Many thanks to David and Roger.
at Portbury near Portishead
The text on a plaque fixed to a side wall of the carriage began by noting that “In 1892 Isambard Kingdom Brunel’s broad-gauge railway system (G.W.R.) was replaced by the standard gauge of 4’8½”. It continued: “this broad gauge railway carriage was used for several years as the Portbury Mission Room at the site of the present water works [?] by the railway station. It was then towed to its present position by Mr E H Shopland and his good horse “Smart”, on the erection of the present church in 1899”.
The “present church” was in fact a small chapel of brick, some 31 feet by 20 feet – but large enough to be shown by a ‘+’ on my Seventh Series One-Inch Ordnance Survey Map, sheet 155 of 1953 (grid reference ST 498754). It and the carriage were sited a few hundred yards south of the railway station, closer to Portbury village centre. They stood on the east side of the Bristol-Portishead road, then known locally as Station Road, later to be designated the A369. (The road subsequently returned to a quieter life in the 1970s when a new A369 alignment was built to Portishead, bypassing Portbury village, from the junction 19 roundabout of the M5 near Gordano Services.) The carriage, minus its chassis, stood just to the north of the chapel. Once in place there it would appear to have served the function of a church hall for feasts, celebrations and also a Sunday school for children.
The chapel and carriage continued in use until 1966, it seems, when the site was vacated. This may well have been due to declining attendances; my notes record that the site was put up for sale, and a planning application had been submitted to Long Ashton Rural District Council for planning permission, either to convert the chapel to become a small house, or to demolish it for a new house. Reading of that in the local paper encouraged me to visit and take the black-and-white photos shown below. I did not record the exact date of that visit – I think it was in autumn 1966. However, by then the route of the proposed M5 motorway had been published. The overall ‘land take’ for the wide highway was shown to pass through the site of the chapel and carriage, and this route – when subsequently approved – made the proposed conversion or redevelopment of the chapel site as a dwelling into a non-starter. I further visited the site on a pleasant spring day in May 1967 and took two colour photos. Later that year the Council announced that the carriage was to be removed for preservation. By then I had moved to London to start work. In 1969 I was in touch with a Mr John Wood in Shrewsbury who I had read was involved in plans to retrieve the carriage. He wrote to me in June 1970 to advise that the carriage had indeed been moved into a Council store in December 1969.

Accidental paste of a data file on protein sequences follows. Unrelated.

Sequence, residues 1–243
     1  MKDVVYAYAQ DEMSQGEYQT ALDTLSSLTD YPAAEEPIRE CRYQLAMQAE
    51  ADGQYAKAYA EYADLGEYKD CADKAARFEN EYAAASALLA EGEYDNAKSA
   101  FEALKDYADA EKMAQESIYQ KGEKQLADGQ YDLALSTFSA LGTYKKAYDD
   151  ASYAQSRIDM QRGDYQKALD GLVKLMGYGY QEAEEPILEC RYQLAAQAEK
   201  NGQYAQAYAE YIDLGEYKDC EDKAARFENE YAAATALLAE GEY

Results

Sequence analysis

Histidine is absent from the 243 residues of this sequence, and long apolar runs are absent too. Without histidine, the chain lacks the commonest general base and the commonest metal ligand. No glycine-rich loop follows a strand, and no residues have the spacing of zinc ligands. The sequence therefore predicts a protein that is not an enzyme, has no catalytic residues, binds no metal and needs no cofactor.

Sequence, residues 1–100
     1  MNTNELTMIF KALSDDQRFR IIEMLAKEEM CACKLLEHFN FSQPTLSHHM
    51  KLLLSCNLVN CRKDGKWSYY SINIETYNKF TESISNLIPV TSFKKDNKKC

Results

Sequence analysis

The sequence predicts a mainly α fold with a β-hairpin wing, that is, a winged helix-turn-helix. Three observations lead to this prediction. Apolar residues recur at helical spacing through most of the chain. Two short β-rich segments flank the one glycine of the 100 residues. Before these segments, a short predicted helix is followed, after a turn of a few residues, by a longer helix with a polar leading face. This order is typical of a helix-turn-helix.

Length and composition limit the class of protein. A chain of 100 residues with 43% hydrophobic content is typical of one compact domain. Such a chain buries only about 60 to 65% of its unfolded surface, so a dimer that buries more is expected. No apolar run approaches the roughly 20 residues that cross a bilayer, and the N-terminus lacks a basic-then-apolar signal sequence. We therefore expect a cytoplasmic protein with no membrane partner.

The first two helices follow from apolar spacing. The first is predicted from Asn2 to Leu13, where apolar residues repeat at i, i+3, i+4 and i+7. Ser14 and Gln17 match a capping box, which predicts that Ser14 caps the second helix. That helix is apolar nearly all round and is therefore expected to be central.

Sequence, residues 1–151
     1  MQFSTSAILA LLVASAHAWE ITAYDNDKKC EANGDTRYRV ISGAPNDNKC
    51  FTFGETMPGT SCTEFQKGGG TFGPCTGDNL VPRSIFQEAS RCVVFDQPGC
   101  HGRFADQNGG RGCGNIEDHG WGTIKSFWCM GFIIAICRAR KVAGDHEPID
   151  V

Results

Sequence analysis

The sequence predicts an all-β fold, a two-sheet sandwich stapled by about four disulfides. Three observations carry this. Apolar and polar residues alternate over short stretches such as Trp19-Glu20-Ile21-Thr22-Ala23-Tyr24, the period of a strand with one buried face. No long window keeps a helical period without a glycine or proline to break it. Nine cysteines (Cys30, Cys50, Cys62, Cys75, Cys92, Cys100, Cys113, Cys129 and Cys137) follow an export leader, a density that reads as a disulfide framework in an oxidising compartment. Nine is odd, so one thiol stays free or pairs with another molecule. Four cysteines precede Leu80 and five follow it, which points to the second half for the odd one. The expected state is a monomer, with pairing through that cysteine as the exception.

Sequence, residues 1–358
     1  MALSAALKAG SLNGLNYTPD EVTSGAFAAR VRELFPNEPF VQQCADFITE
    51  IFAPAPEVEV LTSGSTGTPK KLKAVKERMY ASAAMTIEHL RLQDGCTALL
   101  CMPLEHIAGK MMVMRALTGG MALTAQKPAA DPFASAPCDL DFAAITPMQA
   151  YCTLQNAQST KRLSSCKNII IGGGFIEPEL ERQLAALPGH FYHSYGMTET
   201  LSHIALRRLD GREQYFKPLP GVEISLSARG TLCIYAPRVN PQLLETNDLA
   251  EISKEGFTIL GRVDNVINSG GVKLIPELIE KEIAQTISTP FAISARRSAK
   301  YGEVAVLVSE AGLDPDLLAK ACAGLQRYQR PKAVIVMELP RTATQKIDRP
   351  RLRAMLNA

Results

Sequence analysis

After that I lost track of it – no pun intended – until I read a four-page article about Portbury Methodism, the carriage, and the chapel in Posset Pieces No. 12, a periodical publication of 2012 by the Gordano Civic Society, from which some of the historical notes above were drawn. It is still in print as I type this – see https://www.gordanosociety.org.uk/pp3.html. In it I read that the carriage was then with Bristol’s M Shed Industrial Museum, still awaiting restoration after what was then four decades.
In preparation for drafting these notes and photo captions for the CRS website, I went to the Bristol Museums’ own website and searched using the term ‘Portbury’. This turned up no fewer than 221 entries, many relating to documentation on the Royal Portbury Dock, built in the late 1970s but (inexplicably) not provided with a national rail connection, via an upgrading of greater part of the mothballed Portishead branch, until 2002. In amongst these, I was pleased to find http://museums.bristol.gov.uk/details.php?irn=139196 – Object Number J1071, “railway carriage body … dismantled into component sections for removal from site”, with colour photos of end and side wall sections and doors together with black-and-white photos, similar to mine below, of the carriage when in situ in Portbury. The plaque has, it must be hoped, also been saved and stored.
It remains to be seen whether this rare survivor of broad gauge rolling stock will eventually be restored